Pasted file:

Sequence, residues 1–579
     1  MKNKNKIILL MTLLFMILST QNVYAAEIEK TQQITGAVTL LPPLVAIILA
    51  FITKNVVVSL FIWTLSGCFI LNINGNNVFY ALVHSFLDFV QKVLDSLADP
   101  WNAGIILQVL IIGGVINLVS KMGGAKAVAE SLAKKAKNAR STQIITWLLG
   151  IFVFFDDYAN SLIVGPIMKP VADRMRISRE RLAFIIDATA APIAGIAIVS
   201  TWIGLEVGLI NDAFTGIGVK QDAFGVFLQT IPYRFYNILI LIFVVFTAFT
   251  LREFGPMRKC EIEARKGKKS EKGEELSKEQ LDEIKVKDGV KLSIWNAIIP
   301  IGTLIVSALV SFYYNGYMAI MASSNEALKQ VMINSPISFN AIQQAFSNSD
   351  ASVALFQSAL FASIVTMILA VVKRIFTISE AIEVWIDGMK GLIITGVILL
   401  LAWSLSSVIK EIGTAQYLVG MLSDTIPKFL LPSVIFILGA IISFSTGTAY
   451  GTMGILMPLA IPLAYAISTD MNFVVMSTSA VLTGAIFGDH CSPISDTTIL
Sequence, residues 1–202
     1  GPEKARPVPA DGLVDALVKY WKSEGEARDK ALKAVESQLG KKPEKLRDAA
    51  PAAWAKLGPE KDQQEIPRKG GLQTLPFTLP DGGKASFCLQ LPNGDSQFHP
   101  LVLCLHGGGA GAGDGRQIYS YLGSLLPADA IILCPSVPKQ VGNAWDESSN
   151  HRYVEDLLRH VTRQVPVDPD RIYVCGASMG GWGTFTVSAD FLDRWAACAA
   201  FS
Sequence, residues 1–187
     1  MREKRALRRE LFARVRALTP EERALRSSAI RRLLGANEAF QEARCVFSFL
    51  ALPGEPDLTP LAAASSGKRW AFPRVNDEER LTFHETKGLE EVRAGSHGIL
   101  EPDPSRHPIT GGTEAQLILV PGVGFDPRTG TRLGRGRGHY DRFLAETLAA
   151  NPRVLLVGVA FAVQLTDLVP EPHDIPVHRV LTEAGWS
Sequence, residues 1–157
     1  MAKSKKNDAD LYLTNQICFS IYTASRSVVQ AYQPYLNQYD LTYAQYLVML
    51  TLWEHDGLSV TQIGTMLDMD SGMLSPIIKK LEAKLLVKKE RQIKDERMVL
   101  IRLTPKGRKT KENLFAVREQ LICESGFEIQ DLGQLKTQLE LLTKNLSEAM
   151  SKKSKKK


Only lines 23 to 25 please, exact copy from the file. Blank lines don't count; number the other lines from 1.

Sequence, residues 1–157
     1  MAKSKKNDAD LYLTNQICFS IYTASRSVVQ AYQPYLNQYD LTYAQYLVML
    51  TLWEHDGLSV TQIGTMLDMD SGMLSPIIKK LEAKLLVKKE RQIKDERMVL